UN Finally Reacts To Myanmar Coup And Tries To Pass An Arms Embargo

In response to this year’s violent military coup, the UN has called for the suspension of arms sales to Myanmar.

The General Assembly adopted a resolution condemning the military junta that overthrew the elected government in February 2021.

Also, the UN called for the release of political prisoners, such as Aung San Suu Kyi, and an end to violence against peaceful protesters.

Even though the resolution is not legally binding, it has political significance.

As UN special envoy on Myanmar, Christine Schraner Burgener told the General Assembly, “the risk of a large-scale civil war is real.” “Time is of the essence. The opportunity to reverse the military takeover is dwindling.”

Belarus was the only country to vote against it, with 119 countries supporting it.

Another 36 countries abstained, including Russia and China – Myanmar’s two largest arms suppliers.

Abstainers argued the crisis was an internal matter for Myanmar, while others argued the resolution did not address a crackdown on the Rohingya Muslim population four years ago that forced almost a million people to flee their homes.

EU ambassador to the UN, Olof Skoog, said the resolution “delegitimizes the military junta, condemns its abuse and violence against its own people, and demonstrates its isolation from the world.

Myanmar’s military has brutally cracked down on pro-democracy protesters, activists, and journalists since the coup.

According to the monitoring group Assistance Association for Political Prisoners (AAPP), security forces have killed more than 860 people and detained nearly 5,000 to date.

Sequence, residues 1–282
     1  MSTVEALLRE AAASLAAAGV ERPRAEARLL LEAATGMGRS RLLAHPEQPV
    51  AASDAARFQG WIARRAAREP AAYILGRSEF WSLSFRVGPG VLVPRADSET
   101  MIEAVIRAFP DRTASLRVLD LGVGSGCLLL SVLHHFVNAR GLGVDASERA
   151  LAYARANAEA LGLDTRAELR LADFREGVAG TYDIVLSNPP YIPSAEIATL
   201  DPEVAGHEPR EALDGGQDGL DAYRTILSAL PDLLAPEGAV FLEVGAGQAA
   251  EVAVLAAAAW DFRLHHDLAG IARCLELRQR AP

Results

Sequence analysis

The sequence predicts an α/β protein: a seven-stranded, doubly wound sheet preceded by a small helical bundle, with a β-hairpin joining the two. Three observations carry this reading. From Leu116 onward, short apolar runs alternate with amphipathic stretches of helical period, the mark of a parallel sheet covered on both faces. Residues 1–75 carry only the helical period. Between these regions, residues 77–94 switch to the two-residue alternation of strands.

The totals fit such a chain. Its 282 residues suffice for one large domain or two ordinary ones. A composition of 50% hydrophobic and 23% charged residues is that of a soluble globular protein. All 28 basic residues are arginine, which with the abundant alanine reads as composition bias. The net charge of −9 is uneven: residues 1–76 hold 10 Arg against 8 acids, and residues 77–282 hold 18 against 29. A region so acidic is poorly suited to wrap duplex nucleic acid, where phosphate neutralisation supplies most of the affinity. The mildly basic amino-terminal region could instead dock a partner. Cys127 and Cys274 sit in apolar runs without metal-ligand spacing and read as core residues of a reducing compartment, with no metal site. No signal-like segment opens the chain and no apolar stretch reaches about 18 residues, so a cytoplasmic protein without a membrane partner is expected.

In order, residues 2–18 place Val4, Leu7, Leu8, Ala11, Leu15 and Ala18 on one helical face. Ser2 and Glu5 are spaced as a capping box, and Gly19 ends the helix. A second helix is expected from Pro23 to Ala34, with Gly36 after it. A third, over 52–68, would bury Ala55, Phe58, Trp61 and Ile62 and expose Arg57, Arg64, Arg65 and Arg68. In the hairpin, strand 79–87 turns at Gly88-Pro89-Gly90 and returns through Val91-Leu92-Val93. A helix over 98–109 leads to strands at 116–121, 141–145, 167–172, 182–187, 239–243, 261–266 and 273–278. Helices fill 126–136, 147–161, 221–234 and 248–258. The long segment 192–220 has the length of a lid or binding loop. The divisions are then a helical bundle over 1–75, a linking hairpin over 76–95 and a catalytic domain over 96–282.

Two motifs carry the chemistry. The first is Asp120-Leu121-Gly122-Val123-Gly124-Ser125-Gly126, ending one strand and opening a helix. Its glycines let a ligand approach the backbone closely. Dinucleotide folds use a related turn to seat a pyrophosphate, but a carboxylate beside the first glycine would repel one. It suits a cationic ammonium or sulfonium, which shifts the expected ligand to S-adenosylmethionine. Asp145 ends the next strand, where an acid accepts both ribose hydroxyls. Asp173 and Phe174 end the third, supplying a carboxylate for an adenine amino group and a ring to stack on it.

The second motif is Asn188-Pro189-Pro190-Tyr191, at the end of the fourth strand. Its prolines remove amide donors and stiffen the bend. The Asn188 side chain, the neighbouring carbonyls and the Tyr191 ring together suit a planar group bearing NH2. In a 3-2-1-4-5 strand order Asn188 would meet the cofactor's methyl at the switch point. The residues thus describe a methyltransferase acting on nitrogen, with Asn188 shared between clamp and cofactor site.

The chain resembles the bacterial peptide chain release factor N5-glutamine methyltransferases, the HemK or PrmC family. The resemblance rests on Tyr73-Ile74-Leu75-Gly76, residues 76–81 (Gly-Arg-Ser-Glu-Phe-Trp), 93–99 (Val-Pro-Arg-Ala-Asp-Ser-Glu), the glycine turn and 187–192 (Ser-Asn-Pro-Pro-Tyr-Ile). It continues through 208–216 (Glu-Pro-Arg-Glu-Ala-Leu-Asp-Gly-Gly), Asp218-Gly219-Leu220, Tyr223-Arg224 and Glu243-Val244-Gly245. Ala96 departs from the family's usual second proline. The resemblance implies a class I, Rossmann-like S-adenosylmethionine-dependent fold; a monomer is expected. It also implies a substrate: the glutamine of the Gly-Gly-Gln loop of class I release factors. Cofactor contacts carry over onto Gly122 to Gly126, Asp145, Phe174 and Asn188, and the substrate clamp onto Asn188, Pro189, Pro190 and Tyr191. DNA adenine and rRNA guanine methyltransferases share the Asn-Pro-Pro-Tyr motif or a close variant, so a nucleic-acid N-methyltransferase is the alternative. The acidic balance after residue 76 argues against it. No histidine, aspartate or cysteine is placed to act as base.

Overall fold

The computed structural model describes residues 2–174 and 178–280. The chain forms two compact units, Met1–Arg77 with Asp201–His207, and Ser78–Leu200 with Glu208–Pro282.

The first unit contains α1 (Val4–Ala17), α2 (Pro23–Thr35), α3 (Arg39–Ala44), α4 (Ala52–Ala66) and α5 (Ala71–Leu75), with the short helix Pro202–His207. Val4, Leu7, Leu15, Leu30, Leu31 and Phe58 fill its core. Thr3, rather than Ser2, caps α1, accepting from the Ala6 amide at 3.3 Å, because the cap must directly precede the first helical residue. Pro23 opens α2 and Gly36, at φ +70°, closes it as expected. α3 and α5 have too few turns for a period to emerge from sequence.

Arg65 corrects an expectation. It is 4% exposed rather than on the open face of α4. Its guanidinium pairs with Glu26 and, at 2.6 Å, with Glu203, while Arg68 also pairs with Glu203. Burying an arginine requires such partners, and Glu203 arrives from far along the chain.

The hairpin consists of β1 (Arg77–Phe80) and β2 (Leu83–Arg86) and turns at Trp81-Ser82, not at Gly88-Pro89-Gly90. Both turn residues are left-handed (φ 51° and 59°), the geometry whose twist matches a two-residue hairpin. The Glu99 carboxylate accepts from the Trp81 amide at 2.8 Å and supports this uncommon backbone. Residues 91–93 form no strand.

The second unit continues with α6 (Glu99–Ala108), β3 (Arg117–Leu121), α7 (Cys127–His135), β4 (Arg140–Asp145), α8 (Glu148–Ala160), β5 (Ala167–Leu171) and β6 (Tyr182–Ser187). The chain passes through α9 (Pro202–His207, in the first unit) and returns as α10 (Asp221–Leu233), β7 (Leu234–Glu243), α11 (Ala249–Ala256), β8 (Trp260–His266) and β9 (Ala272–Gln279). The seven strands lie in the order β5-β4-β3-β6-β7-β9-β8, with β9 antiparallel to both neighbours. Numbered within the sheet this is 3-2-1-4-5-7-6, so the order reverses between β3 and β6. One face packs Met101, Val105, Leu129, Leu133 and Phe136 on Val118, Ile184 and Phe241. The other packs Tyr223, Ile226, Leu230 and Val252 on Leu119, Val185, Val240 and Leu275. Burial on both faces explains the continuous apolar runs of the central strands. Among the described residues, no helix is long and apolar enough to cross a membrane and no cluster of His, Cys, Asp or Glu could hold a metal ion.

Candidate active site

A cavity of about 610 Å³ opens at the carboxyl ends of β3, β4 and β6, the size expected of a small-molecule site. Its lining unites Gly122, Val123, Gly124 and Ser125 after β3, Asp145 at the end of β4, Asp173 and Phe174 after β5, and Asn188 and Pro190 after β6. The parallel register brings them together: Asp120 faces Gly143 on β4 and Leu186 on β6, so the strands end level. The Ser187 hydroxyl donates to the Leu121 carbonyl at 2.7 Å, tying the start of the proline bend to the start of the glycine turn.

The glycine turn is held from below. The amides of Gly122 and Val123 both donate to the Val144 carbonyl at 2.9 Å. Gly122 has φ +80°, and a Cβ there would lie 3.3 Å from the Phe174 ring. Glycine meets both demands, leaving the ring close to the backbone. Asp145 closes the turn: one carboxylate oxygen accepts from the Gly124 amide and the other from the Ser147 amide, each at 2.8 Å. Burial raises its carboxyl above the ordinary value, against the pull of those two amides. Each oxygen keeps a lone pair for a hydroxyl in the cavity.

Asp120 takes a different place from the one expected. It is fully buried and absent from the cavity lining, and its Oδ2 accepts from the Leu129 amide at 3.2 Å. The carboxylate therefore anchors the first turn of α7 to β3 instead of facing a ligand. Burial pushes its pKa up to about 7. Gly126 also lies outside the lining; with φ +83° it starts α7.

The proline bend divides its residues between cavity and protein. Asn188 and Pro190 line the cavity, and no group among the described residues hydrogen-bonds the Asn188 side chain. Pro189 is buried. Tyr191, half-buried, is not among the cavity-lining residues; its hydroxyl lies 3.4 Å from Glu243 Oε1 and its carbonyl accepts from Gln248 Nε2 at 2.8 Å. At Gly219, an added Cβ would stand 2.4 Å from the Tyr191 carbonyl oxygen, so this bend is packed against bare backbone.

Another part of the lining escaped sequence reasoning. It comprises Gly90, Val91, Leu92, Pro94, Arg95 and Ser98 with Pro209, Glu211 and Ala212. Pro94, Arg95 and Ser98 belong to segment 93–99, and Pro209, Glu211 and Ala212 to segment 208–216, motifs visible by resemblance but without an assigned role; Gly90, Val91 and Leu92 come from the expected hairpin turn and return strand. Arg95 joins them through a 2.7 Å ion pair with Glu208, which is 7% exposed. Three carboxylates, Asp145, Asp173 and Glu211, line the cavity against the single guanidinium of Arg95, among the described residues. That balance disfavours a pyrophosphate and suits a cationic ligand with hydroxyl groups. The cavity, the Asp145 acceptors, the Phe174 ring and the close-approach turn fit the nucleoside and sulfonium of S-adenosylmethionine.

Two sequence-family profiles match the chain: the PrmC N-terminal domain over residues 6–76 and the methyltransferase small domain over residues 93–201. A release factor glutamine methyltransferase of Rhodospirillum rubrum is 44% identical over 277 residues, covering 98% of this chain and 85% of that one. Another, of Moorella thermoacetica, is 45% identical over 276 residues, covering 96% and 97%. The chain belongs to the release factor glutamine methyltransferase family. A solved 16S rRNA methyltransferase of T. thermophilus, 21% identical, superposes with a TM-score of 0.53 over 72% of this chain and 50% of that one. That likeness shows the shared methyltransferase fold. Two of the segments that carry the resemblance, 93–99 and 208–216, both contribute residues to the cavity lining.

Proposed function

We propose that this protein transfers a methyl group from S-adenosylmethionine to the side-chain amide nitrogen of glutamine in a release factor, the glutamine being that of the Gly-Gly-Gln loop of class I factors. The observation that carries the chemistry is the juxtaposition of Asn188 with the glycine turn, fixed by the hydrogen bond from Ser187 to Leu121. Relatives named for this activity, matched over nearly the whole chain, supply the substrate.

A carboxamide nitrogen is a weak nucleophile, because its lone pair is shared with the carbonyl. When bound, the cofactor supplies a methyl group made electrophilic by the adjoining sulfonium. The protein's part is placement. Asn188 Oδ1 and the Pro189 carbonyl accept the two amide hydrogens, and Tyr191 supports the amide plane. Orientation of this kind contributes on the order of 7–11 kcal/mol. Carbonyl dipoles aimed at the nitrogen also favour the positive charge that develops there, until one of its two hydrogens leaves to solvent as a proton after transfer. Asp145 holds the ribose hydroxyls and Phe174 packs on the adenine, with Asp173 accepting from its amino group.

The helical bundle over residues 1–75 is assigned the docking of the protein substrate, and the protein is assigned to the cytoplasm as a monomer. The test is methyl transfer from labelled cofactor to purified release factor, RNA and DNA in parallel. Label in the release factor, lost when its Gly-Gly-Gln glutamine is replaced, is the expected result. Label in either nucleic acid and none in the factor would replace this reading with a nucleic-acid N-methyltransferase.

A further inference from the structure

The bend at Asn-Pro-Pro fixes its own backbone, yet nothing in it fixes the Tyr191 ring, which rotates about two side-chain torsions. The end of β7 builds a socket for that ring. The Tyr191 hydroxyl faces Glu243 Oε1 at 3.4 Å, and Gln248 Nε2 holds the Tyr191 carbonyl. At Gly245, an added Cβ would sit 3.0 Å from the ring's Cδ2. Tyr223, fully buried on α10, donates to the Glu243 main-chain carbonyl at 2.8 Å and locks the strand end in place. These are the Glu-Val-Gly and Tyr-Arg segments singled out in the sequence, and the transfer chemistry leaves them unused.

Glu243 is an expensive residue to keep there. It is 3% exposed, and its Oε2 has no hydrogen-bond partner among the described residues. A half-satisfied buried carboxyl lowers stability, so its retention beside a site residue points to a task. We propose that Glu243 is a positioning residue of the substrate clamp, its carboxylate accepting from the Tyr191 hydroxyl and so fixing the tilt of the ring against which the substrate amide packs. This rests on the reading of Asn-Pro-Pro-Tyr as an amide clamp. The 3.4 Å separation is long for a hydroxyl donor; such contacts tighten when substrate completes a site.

In a statement, Human Rights Watch urged the UN General Assembly to pass a resolution calling for an arms embargo, stating that “while not legally binding on states, such a resolution would have a significant political impact.”

Governments need to recognize that any arms sold to Myanmar’s military will likely be used to commit abuses against the population. “Arms embargoes can help prevent such crimes.

Myanmar in profile
Burma, also known as Myanmar, became independent from Britain in 1948. It’s been under military rule for most of its modern history. In 2009, however, the restrictions began to ease, and in 2015, a new government was installed led by opposition leader Aung San Suu Kyi.
The Myanmar army responded to attacks by Rohingya militants in 2017 with a deadly crackdown, driving more than half a million Rohingya Muslims across the border into Bangladesh in what the UN called an “ethnic cleansing textbook example.”
Suu Kyi, 75, has been under house arrest since the coup and hasn’t been seen or heard from much outside of short court appearances.

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